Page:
Soccer was unpopular, unimportant and played only by amateurs. “We had to educate the public and tell them what the World Cup was,” recalls Rothenberg. “It was a massive public relations job.” The cost of hosting football’s centrepiece event was also a problem. “The federation was nearly bankrupt,” he says. “We had to organise the World Cup with no one on staff.” He embarked on an ambitious programme not only to host the tournament but to revolutionise US football. “We rebuilt the federation and organised the World Cup and a new pro league to start from scratch when the World Cup finished. It was a 24/7 scramble by a lot of people.”
By October 1993 Rothenberg was close to realising his dream. Major League Soccer would soon be born. The stadiums were ready. Top celebrities had been drafted in, from the draw in Las Vegas – which featured James Brown, Robin Williams and a video message from Bill Clinton – to the opening ceremony, at which Diana Ross would sing. All was going to plan. And then Rothenberg was told about the tournament in Doha. “We were holding our breath,” he says. “Three countries, Iran, Iraq and North Korea, who had no love for the United States – and the feeling was mutual – had a chance to qualify.”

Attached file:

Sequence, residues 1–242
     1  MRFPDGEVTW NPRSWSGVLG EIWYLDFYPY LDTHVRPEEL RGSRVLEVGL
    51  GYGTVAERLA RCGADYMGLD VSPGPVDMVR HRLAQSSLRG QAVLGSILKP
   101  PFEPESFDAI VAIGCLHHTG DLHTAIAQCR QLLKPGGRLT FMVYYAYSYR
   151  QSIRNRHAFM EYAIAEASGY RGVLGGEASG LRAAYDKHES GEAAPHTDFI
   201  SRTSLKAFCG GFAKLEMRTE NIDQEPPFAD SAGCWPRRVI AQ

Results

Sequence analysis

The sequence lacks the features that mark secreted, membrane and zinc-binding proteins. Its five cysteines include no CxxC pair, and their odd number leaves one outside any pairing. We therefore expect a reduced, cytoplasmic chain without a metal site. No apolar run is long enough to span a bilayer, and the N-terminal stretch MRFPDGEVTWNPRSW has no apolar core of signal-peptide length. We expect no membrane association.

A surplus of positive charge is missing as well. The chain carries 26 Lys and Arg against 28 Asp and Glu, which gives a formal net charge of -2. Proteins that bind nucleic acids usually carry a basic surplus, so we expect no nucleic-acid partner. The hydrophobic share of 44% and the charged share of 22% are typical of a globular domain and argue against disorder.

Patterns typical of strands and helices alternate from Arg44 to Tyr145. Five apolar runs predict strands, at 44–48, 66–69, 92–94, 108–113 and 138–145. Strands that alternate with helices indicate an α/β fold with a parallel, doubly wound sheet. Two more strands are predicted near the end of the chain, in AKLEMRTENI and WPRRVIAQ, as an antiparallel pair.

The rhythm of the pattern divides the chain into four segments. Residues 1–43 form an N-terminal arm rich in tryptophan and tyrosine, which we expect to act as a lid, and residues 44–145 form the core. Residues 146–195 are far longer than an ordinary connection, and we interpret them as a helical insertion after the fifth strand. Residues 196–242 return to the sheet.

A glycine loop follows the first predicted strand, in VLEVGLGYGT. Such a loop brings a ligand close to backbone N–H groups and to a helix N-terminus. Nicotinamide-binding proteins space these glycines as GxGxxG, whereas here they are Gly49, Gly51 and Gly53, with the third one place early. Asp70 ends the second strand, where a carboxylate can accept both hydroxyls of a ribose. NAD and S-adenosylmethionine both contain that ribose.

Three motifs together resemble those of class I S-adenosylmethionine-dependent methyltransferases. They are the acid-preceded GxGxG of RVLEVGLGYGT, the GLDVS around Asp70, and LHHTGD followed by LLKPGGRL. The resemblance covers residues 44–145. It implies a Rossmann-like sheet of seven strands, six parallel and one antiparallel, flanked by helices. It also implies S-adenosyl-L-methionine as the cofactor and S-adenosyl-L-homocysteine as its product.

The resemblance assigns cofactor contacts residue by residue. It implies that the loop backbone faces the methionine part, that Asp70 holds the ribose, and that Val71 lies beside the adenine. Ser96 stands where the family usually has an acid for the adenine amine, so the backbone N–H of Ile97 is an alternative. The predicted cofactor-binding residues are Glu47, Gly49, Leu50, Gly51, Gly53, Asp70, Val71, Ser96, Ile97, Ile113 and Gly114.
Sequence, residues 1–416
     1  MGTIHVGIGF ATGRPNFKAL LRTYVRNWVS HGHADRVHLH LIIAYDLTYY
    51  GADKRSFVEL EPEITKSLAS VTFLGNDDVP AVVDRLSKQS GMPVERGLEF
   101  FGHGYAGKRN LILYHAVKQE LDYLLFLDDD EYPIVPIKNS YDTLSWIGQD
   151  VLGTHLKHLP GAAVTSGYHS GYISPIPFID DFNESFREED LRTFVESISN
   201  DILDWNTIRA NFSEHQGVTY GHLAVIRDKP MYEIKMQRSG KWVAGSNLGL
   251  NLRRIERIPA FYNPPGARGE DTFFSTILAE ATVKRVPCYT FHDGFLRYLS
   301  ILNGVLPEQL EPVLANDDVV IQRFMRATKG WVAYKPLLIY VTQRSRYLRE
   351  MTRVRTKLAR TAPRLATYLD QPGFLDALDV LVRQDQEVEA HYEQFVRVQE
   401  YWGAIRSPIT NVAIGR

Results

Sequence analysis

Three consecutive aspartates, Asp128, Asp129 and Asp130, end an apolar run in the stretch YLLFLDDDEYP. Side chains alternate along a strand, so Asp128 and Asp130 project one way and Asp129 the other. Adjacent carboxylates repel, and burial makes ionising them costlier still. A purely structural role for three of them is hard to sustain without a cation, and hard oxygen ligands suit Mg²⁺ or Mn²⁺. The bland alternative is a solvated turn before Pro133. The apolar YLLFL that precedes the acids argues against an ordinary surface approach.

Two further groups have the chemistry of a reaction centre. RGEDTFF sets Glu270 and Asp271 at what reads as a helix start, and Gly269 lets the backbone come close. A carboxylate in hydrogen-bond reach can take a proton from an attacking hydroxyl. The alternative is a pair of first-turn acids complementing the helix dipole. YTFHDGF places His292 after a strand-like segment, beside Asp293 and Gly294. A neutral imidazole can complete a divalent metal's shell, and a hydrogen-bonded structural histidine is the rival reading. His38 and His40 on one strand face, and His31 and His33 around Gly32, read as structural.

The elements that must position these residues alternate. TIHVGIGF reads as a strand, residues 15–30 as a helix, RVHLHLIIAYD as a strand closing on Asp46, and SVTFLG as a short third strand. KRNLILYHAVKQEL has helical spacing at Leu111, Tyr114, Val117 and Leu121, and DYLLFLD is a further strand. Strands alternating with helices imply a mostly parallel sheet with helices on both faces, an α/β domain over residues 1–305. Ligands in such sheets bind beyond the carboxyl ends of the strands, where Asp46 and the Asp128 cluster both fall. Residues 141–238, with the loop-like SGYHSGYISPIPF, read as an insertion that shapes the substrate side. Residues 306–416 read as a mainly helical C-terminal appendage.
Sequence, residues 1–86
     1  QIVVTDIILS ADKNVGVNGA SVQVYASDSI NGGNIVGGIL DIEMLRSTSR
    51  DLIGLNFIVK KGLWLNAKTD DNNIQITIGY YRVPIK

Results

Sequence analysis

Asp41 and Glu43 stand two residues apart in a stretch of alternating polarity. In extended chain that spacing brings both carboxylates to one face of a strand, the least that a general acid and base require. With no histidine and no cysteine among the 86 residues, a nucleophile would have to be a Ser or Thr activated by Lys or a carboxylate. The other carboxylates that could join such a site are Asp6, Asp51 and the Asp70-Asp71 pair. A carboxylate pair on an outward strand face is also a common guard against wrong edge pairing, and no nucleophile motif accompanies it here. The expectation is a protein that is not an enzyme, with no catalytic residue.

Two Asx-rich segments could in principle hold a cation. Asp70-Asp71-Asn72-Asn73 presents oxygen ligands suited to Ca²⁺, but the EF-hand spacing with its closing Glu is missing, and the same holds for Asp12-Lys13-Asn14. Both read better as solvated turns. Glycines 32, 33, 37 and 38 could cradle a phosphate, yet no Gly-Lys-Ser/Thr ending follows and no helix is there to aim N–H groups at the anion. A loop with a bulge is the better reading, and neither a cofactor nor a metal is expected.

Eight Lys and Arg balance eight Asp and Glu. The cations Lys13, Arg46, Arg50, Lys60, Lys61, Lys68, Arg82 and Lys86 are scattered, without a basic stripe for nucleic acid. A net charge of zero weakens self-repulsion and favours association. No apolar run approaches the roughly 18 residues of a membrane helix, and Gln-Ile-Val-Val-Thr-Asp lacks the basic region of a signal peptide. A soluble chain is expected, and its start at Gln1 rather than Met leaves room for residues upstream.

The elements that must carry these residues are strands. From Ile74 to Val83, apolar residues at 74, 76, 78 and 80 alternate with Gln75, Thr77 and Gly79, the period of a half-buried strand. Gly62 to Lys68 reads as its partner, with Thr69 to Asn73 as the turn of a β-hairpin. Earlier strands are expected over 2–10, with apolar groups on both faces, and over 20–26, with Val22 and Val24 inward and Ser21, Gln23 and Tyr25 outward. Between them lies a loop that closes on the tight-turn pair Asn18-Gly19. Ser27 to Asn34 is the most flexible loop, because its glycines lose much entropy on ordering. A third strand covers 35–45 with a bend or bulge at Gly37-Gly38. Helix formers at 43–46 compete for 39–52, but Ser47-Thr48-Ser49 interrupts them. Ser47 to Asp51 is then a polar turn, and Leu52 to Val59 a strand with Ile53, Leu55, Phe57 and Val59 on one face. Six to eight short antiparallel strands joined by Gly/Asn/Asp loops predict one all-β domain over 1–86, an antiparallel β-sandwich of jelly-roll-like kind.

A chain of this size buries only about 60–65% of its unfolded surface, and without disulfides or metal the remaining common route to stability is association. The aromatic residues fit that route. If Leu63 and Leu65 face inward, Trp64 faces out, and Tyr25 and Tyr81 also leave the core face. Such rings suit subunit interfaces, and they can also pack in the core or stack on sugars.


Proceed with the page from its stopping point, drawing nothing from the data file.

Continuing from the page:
That day became known in Japan as the ‘Agony of Doha’, a day of national shame that would hang around the players’ necks for the rest of their careers”
Clinton may have promised FIFA that the players and managers of any country would be welcome, but such a prospect raised huge security concerns. Rothenberg had to make contingency plans just in case. “We were gearing up for the worst and we had a special budget for those teams,” he says. “We had to check everyone for terrorism links. It would have cost millions and millions of dollars.”
At least one potential headache was avoided, though. There was another team Rothenberg was hoping would not qualify – England, because “It was a time before the Europeans had controlled hooliganism.” Happily for Rothenberg, Graham Taylor’s England side lost a vital game in the Netherlands on October 13th and failed to make it through.